More than 300 women from across the country gathered for the second annual Women’s Health Empowerment Summit, hosted by Hadassah Women’s Zionist Organization of America, and the 28-member Coalition for Women’s Health Equity
The May 16 event in Washington, focusing on the inequities that endanger women’s health and overall safety, was a response to the systemic gender bias in healthcare that stops women from accessing preventive services and equitable care.
“Women are refusing to stay silent about misdiagnoses, the disproportionate burden of caregiving responsibilities, and the lasting scars of harassment and assault.” Hadassah’s National President Ellen Hershkin said in opening the event. “Women’s health doesn’t advance itself — we have to fight to advance it.”
Hadassah Executive Director/CEO Janice Weinman similarly observed, “We’ve also seen how women’s health equity intersects with many aspects of our lives.” She outlined policies and regulations where advocates are moving the dial on women’s health—including the recently reintroduced Health Equity and Accountability Act, upcoming reauthorization of the Violence Against Women Act, and urging the Department of Health and Human Services to address women’s health equity in its new strategic plan.
Legislative keynote speaker and physician Rep. Raul Ruiz detailed the severity of the inequities women face.
“We lack public health outreach, preventative services that could screen for illnesses that could catch them early on that could save their lives,” he said. “We also lack enough women in our healthcare profession and in healthcare studies so that we can truly understand the way different illnesses present between women and men.”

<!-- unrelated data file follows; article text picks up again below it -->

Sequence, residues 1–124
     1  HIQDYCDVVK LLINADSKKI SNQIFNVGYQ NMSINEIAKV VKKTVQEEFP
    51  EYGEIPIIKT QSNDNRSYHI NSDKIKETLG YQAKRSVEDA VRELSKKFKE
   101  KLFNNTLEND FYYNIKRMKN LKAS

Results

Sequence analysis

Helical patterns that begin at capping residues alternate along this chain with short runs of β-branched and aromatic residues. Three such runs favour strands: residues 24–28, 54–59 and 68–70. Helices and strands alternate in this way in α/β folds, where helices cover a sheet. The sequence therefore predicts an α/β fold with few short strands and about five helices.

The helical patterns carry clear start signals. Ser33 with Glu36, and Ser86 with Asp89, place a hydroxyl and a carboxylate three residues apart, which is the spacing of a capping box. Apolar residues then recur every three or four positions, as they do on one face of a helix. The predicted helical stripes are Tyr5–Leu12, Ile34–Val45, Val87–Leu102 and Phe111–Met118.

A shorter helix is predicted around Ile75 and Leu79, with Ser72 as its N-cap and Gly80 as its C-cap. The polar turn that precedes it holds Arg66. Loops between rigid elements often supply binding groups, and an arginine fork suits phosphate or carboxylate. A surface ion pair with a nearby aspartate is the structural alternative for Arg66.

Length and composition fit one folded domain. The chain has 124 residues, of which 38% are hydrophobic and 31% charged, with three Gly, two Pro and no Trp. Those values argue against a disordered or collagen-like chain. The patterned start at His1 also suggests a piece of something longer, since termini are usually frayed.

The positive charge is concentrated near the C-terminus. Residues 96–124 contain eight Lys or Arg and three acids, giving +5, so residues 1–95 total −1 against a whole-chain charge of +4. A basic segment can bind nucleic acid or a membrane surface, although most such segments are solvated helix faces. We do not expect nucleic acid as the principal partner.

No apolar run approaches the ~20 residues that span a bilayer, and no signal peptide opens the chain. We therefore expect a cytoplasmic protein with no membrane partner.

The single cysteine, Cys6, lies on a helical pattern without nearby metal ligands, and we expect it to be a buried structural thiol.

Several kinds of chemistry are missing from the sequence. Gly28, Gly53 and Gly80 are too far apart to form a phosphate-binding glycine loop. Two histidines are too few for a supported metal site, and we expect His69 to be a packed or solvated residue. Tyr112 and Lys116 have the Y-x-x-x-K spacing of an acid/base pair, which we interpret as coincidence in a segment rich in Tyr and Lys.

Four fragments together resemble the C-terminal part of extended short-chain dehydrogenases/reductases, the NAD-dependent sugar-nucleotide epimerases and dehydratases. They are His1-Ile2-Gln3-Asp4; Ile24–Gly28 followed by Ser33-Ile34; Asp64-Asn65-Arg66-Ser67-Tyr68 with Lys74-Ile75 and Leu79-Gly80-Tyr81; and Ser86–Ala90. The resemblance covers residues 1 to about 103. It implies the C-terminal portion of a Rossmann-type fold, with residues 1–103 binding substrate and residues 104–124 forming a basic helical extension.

Keynote speaker Fatima Goss Graves, President and CEO of the National Women’s Law Center spoke about the female patient cases that the TIME’S UP Legal Defense Fund, which NWLC administers, is handling.
Summit panels considered women’s health disparities in caregiving, mental health, and clinical trials.
A fireside chat about mental health included a lively exchange between Mary Giliberti, CEO of the National Alliance on Mental Illness, and Dr. Jennifer Payne, Director of the Women’s Mood Disorders Center, Johns Hopkins School of Medicine.
“Forty percent of women report that the shame [of mental health] prevents them from getting help,” Giliberti said.
The day concluded with the panel “Women and Clinical Trials: Past, Present and Future,” which discussed efforts to educate women about clinical trials and encourage their enrollment, as well as the necessary steps to eliminate women’s barriers to clinical trial participation.
The Summit also heard the real-life stories of women who experienced the dangerous effects of health inequities first-hand.
Patient advocate Starr Mirza shared her story of being misdiagnosed for years and then having a heart attack at age 23. Mirza delivered a powerful message and rallying cry for women everywhere: “Listen to your body. You know your body better than anyone. You’re not a faker. You are not dramatic. And, you are not alone.”
Source: Hadassah Women’s Zionist Organization